Why do Goldfinches Turn Golden?

This is a particularly interesting time to watch American goldfinches, though I enjoy having them around all year long. But right now is when they do a partial molt, replacing all their feathers except for those on the wing and tail. The feathers that grow in are the bright yellow breeding plumage.

This male goldfinch at our nyjer feeder is going through his spring molt, exchanging his dull winter feathers for bright breeding plumage.
This male American goldfinch at our nyjer feeder is going through his spring molt, exchanging his dull winter feathers for bright breeding plumage.

In September the goldfinches molt again, this time replacing all their feathers, but now they turn to a relatively drab olive color. Here’s a link with more details on the molting cycle of male goldfinches.

Birds like goldfinches and cardinals use bright colors to attract mates. But why don’t goldfinches keep their breeding plumage all year, as the cardinals do? The answer apparently lies in the cardinals’ much lengthier breeding season, which can run from February to September. In other words, goldfinches believe that once you’re done with all that romantic nonsense it’s time to grow up and settle down, while the cardinals are always ready for action.

But what about male goldfinches that don’t have the brightest plumage but have really great personalities? Can the female goldfinches really be so shallow?

Male American goldfinch in summer plumage, perched on purple coneflower.
Male American goldfinch in summer plumage, perched on purple coneflower.

Apparently a brighter color is a good indicator of general health and strength. Research on cardinals indicates that the most brightly colored males have the greatest reproductive success, hold better territories, and offer more parental care. In other words, the flashy ones are also the best providers AND they help out more with the kids.

You can attract goldfinches to your feeders with nyjer and sunflower seed. It’s important to keep the nyjer fresh, even if it means throwing out uneaten leftovers (which can be hard to do because the stuff is expensive).

But goldfinches can also be attracted with garden plants, including sunflowers (Helianthus sp. and cvs.), purple coneflowers (Echinacea purpurea), anise hyssop (Agastache foeniculum), cup plant (Silphium perfoliatum) and just about any of the Rudbeckias. In late summer I enjoy watching the goldfinches feasting on the seeds of these plants.

Do you see goldfinches at your feeder or in your garden?

40 Comments on “Why do Goldfinches Turn Golden?”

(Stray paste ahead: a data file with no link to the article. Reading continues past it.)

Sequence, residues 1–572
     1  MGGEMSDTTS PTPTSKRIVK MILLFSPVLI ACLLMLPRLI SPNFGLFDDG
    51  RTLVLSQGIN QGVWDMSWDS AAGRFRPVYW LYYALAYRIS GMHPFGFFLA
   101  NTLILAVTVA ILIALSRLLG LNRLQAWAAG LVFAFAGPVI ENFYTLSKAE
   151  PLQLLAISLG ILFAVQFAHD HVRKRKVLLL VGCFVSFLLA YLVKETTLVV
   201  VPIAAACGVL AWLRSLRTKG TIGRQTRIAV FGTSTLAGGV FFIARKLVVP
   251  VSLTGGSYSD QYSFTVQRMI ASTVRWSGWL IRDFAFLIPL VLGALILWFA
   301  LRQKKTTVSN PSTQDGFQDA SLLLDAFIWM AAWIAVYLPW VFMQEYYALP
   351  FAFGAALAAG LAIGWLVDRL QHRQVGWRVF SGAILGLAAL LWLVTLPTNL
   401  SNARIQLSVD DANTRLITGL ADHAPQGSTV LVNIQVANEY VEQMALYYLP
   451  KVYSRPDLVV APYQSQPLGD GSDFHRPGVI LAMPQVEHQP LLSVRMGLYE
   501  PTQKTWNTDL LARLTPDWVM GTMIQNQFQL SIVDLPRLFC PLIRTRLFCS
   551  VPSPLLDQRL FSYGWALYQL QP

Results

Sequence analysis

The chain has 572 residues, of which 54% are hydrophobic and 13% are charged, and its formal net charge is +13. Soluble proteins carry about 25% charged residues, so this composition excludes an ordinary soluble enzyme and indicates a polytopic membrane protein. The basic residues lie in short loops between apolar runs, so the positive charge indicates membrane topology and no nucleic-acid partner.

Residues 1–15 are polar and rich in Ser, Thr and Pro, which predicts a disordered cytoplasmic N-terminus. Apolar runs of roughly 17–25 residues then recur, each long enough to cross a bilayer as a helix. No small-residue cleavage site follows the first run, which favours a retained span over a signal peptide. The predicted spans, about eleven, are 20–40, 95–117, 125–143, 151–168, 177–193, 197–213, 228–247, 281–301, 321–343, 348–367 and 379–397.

1. Your American goldfinches sound very dependable! Our native Goldfinches do not change colour like yours, I grow Teasels too for Goldfinches and apparently they like dandelion seed, I leave the flowers for bees but not the seed heads for birds!

  2. You have such amazing Birds over there, I love your cardinals. But I have to say that our European bullfinches are even more handsome than your lovely American ones. They have bright red faces. They really are strikingly beautiful.

  3. The past couple of years I have watched goldfinch peel opium poppy seedheads like bananas to get at the seeds. Little addicts. Thanks for the info – I’ll be taking a closer look at the guys on my feeder now.

  4. We have American Goldfinches here and I used to have a lot of them at my feeders year round. I left the Nyjer feeder but took away the suet and sunflower ones because of unwanted visitors and now have very few goldfinches. We still have birds and birdsong around because of all of the water options in the garden but not the constant buzz of activity at the feeders that we once had. I miss it.

  5. Having just researched and posted both Cardinals and Goldfinches myself earlier this year, your post should be popular in searches. Many people have these same questions and look for the answers. I am quite amazed at the yellow transformation. When in winter plumage, the Goldfinch males look like the girls pretty much, just a subtle difference between sexes often. Right now in my garden, they are turning ever so slowly.

  6. Yes, we have goldfinches here year-round, too. They aren’t quite as winter-hardy as chickadees, juncos, and cardinals, but they make regular appearances right through the winter. Cute little buddies, aren’t they? Thanks for the info on the molting and mating processes. Nice post.

  7. Nice post! Goldfinches are also late breeders, they don’t start until many other birds have already produced their first clutch. The fact that they are strictly seed eaters limits their parenting time, I would think. Although I am not seeing the numbers of goldfinches I had a few years ago, I still get them. I think there is a resident pair, but most of the rest are migrants.

  8. We have lots of goldfinches. They feast on my swamp sunflowers in the fall. I only put out a little nyjer seed at a time so that if it rains it doesn’t go bad and I just put it out regularly. I also put a squirrel baffle over the feeder so that it acts as an umbrella…it helps keep the seed dry as long as its not rainy and windy.

  9. Sunflowers are nice enough, but the real reason I let all the stray ones grow is for the goldfinches they attract. One ( of many) of my favorite summer moments is sitting on the porch and having a family of finches come by to inspect the seed heads. I wonder if the yellow works as camouflage when they’re picking through a field of sunflowers?

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